I took a copy of the spreadsheet you shared in the blog and modified it with my data. I get the same result as in my own Excel, but not the same result I see in Capitally. Hope this helps. This stuff is fascinating

Capitally calculates this a little differently. The money invested is assumed at the beginning of the day. The investment value is taken at end of day. So if you look at the period of 2023-01-05 : 2023-01-05 it will be a period of 1 day, while the spreadsheet approach would have a period of 0 days.

The day period taken for annualization was wrong by one day - the above example period would be 2 days (as it wrongly included the base date 2023-01-04 : 2023-01-05. It’s now fixed in version 1.36.2. (it includes Splits on Funds as well).

Capitally uses 364.25 as an average amount of days in a year for annualization

So to get the same result, you would need to use firstTransactionDate - 1 and 364.25 for the length of year. I think that yearFrac takes into account lengths of years between the dates.

It’s indeed fascinating. I’m constantly balancing between typical standard formulas and what actually makes sense when having a more complex portfolio, instead of an isolated case.

I updated the spreadsheet. Now using 121 days instead of 120. And using 364.25 as days in year. That gives me 58.85%. Capitally is still at 58.45% - no change there from last time - should there not have been a change with the fix you made?

Instead of 364.25, should it not use 365.25, because a normal year is 365 days and every fourth year is a leap year with 366 days, so the average will be 365.25.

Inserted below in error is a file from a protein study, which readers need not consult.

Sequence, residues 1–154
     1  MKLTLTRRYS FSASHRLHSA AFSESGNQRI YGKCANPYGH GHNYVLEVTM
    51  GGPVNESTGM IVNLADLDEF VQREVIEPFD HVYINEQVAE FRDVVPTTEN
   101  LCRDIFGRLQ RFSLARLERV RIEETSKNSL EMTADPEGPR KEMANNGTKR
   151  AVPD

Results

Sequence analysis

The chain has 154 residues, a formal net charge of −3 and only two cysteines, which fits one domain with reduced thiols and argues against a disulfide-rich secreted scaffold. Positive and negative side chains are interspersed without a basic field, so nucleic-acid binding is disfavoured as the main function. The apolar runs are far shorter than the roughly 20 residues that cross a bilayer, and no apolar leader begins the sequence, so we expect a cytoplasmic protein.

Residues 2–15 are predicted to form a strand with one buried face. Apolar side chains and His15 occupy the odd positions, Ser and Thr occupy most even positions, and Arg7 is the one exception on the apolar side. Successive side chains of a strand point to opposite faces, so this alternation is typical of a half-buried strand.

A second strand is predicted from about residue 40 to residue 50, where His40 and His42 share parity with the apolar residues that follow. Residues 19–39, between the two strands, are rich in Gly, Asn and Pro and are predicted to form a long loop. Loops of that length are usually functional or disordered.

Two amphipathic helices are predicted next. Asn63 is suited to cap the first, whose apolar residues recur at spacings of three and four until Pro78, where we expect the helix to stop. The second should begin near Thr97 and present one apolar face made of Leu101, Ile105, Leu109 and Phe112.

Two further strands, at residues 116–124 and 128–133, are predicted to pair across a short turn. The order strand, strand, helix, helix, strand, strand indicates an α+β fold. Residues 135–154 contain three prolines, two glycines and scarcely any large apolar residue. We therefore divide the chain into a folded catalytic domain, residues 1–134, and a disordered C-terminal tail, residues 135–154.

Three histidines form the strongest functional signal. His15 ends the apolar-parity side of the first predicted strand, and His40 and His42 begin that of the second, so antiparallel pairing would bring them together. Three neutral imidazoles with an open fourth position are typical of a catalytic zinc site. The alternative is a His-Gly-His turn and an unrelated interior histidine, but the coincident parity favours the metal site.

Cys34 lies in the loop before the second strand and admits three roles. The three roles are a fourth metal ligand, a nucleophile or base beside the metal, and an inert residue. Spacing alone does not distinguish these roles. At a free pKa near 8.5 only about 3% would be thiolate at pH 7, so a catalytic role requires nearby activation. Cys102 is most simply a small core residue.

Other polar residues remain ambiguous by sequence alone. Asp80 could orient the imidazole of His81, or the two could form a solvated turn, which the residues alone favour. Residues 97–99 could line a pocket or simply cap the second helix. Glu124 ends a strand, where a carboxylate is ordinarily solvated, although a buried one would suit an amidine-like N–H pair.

My bad, it does use 365.25. I’ll correct it on the blog, as 365.25 is calendar-based, while 365.2425 is more accurate scientifically, but actually less-so if you annualize.

I just checked the code, and I’ve fixed all annualized metrics apart from ROI and TWR By the way, IRR was always correct in this regard.

I’ve just pushed a new version 1.36.3 - it shows 59.05% for annualized ROI.

Juggling all these numbers and complexity may be sometimes confusing. Many thanks for being patient and sharing the test case

Sorry for my delay in reply. I didn’t get the time to look at this until now. Yes, now it matches! Both ROI for period and per annum now matches my spreadsheet. Same for TWR.

What do you use for MWR? Is that an implementation that tries to replicate XIRR() in Excel? Do you have any plans to make Modified Dietz available?

MWR is calculated by converging on a single solution in a loop - which is roughly what XIRR does. The Newton-Raphson method is used to converge quicker with some slight modifications to quickly catch edge-cases that don’t produce a valid result.

I found Modified-Dietz to be highly inaccurate in all tested edge-cases. From my understanding, it’s mostly used when iterative approaches like above are not feasable.